Of course as soon as I post this AUR gets updated.  The maintainer pretty much used saultdon’s PKGBUILD.


Here’s a link to a PKGBUILD that will install QGIS 2.0.1 for you on Arch Linux:

Thanks to AUR user saultdon for putting it together.


A nice explainer for PostgreSQL’s EXPLAIN output

This site does  a great job of analyzing the output of PostgreSQL EXPLAIN queries.  It will show you which steps of a query are slowing you down giving you the chance to rewrite your query, change indexing, or reorganize tables in order to speed things up.  It’s very helpful!

Improved Polygon Capture plugin makes QGIS Digitizing easier

A new plugin showed up in the QGIS 2.0 repository recently, Improved Polygon Capture allows you to specify a line segment’s length and/or angle as you digitize a polygon.  The plugin is easy to use, when you start an edit session with a polygon layer it puts a dialog box below your table of contents window.  It has two fields, one for angle and another for distance with a checkbox for each.  When you enter a value and check the box that value is locked in and the line segment you create will match those values.  The length field’s units will be in your project’s projection’s units.

Awesome QGIS Tutorial

Here’s a great QGIS Tutorial put together by Frank Donnelly at City University of New York.  It covers QGIS 1.8, and not only teaches the software but teaches basic GIS concepts as well.  It is a great way to introduce someone to the world of GIS.

Thank you Garmin!

I bought a brand new Edge 500 off of eBay last May.  It has been great, except the lap / reset button has been getting progressively harder and harder to press.  I’d press it and it wouldn’t register which sucked because in order to record a ride so that its data can be exported you have to press and hold the button for 3 seconds.  It finally got to the point where I was unable to record my last ride last week.

I was prepared to pay $89 in order to RMA my device because even if I wasn’t a few months past the end of the warranty period, since I bought it off eBay the warranty was never valid.  I called the RMA line and explained my problem.  The operator was nice enough to extend the warranty to me!  All I had to do was mail in my broken Edge and they sent me a refurbished model that is as good as a new unit.  Thanks Garmin!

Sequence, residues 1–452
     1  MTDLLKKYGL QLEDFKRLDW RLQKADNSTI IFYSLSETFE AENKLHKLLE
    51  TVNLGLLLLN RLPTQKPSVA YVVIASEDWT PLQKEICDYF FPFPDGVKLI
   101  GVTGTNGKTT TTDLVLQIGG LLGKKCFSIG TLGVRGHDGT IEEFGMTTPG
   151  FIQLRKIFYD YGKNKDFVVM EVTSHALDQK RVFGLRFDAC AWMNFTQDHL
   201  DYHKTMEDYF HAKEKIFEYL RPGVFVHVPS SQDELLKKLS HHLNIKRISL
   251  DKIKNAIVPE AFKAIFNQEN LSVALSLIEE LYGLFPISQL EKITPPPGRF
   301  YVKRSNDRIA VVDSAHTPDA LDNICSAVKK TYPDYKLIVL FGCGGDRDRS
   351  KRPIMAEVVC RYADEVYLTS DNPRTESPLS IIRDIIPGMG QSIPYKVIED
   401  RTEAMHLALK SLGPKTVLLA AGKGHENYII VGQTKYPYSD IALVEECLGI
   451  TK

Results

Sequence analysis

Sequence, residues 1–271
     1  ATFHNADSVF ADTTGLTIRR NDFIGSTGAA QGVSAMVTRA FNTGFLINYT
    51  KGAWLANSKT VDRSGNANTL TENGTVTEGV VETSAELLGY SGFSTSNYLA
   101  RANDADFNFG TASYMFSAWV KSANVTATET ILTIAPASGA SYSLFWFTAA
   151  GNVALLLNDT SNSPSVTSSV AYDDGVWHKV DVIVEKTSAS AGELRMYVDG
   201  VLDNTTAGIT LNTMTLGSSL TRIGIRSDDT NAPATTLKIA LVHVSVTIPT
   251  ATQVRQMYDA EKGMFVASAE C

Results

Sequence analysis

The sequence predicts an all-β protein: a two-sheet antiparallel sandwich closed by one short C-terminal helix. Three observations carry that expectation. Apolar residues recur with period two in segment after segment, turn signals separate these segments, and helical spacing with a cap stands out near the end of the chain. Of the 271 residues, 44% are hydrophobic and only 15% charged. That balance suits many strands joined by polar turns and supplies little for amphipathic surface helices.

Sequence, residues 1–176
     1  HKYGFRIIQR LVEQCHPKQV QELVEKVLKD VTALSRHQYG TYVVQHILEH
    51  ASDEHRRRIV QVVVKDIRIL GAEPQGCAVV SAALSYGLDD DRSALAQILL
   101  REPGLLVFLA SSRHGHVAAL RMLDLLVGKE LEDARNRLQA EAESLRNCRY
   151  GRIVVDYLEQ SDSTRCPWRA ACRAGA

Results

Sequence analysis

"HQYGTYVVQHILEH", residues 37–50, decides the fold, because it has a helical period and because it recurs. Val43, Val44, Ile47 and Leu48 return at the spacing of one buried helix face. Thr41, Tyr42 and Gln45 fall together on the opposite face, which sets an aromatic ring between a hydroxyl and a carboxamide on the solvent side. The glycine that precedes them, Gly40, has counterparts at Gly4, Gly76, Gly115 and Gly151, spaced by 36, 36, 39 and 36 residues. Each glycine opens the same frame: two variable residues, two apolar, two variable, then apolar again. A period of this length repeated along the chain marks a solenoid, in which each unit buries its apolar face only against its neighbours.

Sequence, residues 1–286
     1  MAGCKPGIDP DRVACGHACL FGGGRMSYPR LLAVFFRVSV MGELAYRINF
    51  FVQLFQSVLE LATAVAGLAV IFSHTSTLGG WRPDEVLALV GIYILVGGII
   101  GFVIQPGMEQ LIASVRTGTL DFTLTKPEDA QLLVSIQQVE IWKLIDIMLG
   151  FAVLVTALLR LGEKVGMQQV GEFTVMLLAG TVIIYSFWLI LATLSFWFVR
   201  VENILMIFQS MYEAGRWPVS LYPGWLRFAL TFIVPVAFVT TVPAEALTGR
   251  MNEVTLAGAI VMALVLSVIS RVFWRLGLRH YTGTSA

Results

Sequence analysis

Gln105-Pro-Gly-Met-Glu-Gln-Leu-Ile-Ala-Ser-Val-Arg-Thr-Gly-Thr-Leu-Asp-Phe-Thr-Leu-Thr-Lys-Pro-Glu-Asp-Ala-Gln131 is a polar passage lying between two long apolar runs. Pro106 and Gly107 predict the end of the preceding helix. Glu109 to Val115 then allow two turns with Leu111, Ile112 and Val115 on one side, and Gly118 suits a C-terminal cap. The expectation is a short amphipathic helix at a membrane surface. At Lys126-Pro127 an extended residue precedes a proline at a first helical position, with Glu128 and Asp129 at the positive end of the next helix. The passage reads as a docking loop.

Displaying PostGIS data in ArcGIS Desktop

There are a few ways to display PostGIS data in an ArcGIS Desktop map.  The easiest I’ve found is to use Ragi Burham‘s OGR Plugin for ArcGIS.  It allows you to bring in data from almost any OGR supported vector format, including PostGIS and Spatialite.  For right now the layers you bring in will be read-only but according to the project’s FAQ write support will be added thanks to new features in ArcGIS Desktop 10.1 SP1.

The project is in Beta and there are some rough corners.  To connect to your PostGIS database you have to provide a connection string, there is no GUI for this as of yet.  For now though, the example connection string under the field where you type in your information is a very good guide on what information you need and how it needs to be formatted in order to create a connection.  Once you bring in your layers they act like any other vector layer, except they are read-only.  The only problem I’ve found so far is labels aren’t placed correctly.

On the bright side this plugin allows you to use your PostGIS vector layers as base layers for data creation and editing.  You can use ArcGIS’s snapping and trace features as if the layers were a native shapefile or feature class and for cartography purposes you can symbolize your layers by category or quantity.

Overall this plugin is a great addition, a simple way to integrate OSgeo data, and other OGR supported data into your maps.


UPDATE: Map documents don’t store the connection information, so if you save a mxd and open it later the connections to your PostGIS layers will be broken.

Checking Distances in a Single Table

At work we have two identical GPS units.  One had to be sent in for service so we wanted to check to make sure it was back in working order.  We collected a series of points with both units.  I took the data collected and put it into a Postgres table; the table ended up with three fields:  set_id which identified the point as collected on each unit, unit_name to show which unit collected the point, and geom for the geometry of the point itself.  Here’s the query I came up with to compare the data:

SELECT DISTINCT a.set_id, ST_Distance(a.geom, b.geom) As dist
FROM test_pts As a JOIN test_pts As b USING (set_id)
WHERE a.unit_name <> b.unit_name

Too often I forget about self-joins.  They made this query quick to write and easy to understand.